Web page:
Escape into Balinese artist Sinta Tantra’s tropical paradise

Escape into Balinese artist Sinta Tantra’s tropical paradise

Balinese British artist Sinta Tantra opened a new exhibition in London just before the lockdown. Here, we take a photographic tour through the show at Kristin Hjellegjerde gallery filled with Tantra’s trademark tropical colour scheme, that she wraps around city streets and plazas from Sharjah to Seoul in her public art, as well as in her studio practice

Artist Sinta Tantra’s new exhibition ‘Modern Times’ at Kristin Hjellegjerde gallery in London brings together painting, murals, textiles and film into a poetic installation and comment on the globalisation of modernity. New paintings are framed by the mid-century gallery space (Andrew Logan’s former home and studio), pink-coloured vinyl and the sound of bird-song emerging from a tree.

The title of the show, ‘Modern Times’, takes its title from a Charlie Chaplin film from 1936. Set in the Great Depression, the film follows a factory-working protagonist who struggles with a ‘modern’ life defined by machines and consumption. Providing another take on globalization, black and white footage of Chaplin’s 1932 visit to Bali plays in the gallery space. 

Installation view

Here Bali is seen in a pre-modern, pre-westernised era – and a golden age. ‘Last summer, I conducted a series of film interviews with my elderly father who grew up in a remote village in Bali, Indonesia, during the 1940s. Both Chaplin and my father seemed to have experienced a ‘golden age’ of Bali – a world untainted by machines and modernity – where days were spent preparing offerings to the Gods, ritual ceremonies, music and dancing,’ says Tantra.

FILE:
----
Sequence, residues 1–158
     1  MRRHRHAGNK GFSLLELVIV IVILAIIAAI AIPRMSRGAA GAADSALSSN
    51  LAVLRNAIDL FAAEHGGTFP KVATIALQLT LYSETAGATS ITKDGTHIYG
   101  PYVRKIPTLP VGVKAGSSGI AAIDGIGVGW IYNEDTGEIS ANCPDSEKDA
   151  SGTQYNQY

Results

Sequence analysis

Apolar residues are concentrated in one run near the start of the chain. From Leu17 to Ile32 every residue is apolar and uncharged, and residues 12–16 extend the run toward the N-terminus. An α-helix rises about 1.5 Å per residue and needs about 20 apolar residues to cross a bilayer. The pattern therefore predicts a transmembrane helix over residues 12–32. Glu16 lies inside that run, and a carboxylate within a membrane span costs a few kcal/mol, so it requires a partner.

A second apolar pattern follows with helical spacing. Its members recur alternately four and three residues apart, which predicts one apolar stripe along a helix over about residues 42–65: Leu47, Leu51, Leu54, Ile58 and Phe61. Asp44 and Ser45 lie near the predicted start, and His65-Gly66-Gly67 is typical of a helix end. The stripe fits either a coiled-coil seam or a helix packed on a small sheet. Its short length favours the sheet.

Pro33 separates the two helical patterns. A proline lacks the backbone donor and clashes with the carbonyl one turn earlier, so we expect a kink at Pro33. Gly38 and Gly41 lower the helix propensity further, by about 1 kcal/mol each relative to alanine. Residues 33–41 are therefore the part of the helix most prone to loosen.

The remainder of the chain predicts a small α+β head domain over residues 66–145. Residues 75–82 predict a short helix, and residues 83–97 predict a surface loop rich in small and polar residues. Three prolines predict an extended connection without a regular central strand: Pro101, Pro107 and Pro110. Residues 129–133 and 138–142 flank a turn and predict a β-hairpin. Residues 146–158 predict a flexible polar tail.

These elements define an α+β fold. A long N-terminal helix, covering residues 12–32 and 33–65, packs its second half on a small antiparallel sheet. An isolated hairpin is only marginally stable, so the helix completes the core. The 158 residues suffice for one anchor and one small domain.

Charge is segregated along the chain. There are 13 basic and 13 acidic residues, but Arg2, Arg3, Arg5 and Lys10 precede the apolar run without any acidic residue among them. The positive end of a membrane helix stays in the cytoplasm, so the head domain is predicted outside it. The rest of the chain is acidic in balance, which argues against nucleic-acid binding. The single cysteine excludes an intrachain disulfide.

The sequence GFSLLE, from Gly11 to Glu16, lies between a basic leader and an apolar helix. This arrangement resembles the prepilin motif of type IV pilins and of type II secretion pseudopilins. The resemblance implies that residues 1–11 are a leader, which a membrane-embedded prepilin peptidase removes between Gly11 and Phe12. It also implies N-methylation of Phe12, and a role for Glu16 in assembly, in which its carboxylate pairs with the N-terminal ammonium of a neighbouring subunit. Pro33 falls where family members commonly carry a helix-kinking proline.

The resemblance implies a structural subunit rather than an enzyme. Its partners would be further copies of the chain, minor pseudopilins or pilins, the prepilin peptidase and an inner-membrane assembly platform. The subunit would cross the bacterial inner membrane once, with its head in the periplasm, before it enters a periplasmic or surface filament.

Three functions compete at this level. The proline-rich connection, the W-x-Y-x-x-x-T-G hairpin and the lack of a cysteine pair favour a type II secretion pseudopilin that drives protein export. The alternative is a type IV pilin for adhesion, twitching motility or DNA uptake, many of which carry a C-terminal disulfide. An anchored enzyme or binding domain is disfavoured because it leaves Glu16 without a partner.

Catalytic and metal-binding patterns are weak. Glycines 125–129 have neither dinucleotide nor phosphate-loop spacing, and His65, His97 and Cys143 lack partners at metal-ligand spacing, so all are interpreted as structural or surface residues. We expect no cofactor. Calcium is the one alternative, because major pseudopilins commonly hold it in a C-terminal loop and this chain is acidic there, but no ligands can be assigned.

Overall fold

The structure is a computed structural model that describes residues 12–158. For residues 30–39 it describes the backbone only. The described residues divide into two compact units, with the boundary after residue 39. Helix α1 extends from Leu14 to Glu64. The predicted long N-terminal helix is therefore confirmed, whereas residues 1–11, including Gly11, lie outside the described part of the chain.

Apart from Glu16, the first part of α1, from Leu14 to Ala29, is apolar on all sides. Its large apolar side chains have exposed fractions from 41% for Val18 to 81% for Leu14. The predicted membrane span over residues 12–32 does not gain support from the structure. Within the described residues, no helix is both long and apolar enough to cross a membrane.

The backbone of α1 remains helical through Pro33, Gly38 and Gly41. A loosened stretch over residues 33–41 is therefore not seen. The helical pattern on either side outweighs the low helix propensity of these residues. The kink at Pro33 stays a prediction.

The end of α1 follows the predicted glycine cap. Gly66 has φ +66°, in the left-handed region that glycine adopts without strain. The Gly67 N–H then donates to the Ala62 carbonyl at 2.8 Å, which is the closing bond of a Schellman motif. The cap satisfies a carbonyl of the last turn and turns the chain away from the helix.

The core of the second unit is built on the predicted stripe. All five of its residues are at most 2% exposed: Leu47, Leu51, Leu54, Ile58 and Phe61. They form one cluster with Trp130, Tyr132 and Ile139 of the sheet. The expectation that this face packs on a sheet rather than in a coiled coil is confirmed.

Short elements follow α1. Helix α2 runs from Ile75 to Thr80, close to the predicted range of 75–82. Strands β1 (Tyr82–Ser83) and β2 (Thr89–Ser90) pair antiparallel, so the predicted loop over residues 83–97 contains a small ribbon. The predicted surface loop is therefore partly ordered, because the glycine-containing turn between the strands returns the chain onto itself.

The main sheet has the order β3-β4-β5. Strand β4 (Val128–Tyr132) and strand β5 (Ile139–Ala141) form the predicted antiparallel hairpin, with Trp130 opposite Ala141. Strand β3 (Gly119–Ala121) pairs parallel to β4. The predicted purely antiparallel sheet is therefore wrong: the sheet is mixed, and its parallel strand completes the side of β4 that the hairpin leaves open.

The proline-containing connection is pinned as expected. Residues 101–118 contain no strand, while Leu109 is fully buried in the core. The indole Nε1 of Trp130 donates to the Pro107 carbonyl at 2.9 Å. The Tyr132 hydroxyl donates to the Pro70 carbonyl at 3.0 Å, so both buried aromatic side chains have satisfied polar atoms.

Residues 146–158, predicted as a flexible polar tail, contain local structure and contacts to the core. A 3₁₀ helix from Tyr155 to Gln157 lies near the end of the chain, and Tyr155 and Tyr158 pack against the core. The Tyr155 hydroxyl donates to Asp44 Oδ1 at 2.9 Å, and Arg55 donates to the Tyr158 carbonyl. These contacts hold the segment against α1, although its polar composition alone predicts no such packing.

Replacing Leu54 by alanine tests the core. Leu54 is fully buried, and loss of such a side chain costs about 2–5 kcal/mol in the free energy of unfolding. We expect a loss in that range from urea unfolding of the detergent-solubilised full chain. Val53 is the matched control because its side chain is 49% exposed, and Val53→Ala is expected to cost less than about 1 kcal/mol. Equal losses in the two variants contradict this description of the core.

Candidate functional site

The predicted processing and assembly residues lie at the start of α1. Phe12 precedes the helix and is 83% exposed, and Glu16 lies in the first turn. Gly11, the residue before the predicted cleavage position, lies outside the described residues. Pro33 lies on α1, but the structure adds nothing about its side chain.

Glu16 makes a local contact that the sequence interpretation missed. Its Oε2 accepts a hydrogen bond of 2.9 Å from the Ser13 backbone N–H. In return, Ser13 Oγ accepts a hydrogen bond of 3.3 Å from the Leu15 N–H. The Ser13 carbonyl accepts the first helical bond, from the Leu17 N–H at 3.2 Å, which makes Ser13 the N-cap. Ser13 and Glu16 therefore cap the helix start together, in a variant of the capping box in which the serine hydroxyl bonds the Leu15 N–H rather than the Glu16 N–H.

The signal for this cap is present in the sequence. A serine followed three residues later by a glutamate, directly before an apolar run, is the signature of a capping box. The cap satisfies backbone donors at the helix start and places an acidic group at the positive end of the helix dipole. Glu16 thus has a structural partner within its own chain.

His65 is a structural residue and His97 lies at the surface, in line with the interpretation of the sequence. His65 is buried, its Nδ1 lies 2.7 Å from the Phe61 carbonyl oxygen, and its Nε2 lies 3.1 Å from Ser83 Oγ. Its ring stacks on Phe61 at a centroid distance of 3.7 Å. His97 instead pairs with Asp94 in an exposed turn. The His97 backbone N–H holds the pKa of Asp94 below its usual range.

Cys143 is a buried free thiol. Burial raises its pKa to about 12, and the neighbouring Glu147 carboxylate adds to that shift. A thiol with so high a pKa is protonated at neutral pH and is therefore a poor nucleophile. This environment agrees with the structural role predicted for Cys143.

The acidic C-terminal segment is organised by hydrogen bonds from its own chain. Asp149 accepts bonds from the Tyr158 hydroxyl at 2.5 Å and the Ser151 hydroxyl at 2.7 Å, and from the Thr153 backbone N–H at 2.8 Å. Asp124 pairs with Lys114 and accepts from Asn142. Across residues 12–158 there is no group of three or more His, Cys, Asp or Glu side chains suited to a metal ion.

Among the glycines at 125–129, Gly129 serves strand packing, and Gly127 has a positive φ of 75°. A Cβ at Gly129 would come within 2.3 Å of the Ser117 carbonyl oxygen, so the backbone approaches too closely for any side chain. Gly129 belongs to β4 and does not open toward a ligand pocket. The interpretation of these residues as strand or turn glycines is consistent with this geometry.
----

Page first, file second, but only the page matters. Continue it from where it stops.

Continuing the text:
The juxtaposition represents her interest in finding the intersection between modernity, her Balinese heritage and her own globalized identity as an ‘international artist’. Her work uses the language of modernism – geometric shapes also found in the work of Alexander Calder and Buckminster Fuller, and media from textiles to murals in the style of the Bauhaus. Yet her palette full of pinks, greens and yellows injects the Tropics into this language.

The exhibition, curated by Guillaume Vandame, is an installation of layers – film, plants, colours, architecture, sound and sculpture, all diffused in a pink glow from the vinyl across the industrial windows. It reflects the complexity of Tantra’s globalised modernism: ‘I wanted to cut through the vast architectural volume of the space and somehow inject the spirit of escapism or stepping into another world – part nostalgic, part historical, real and imagined,’ she says. §

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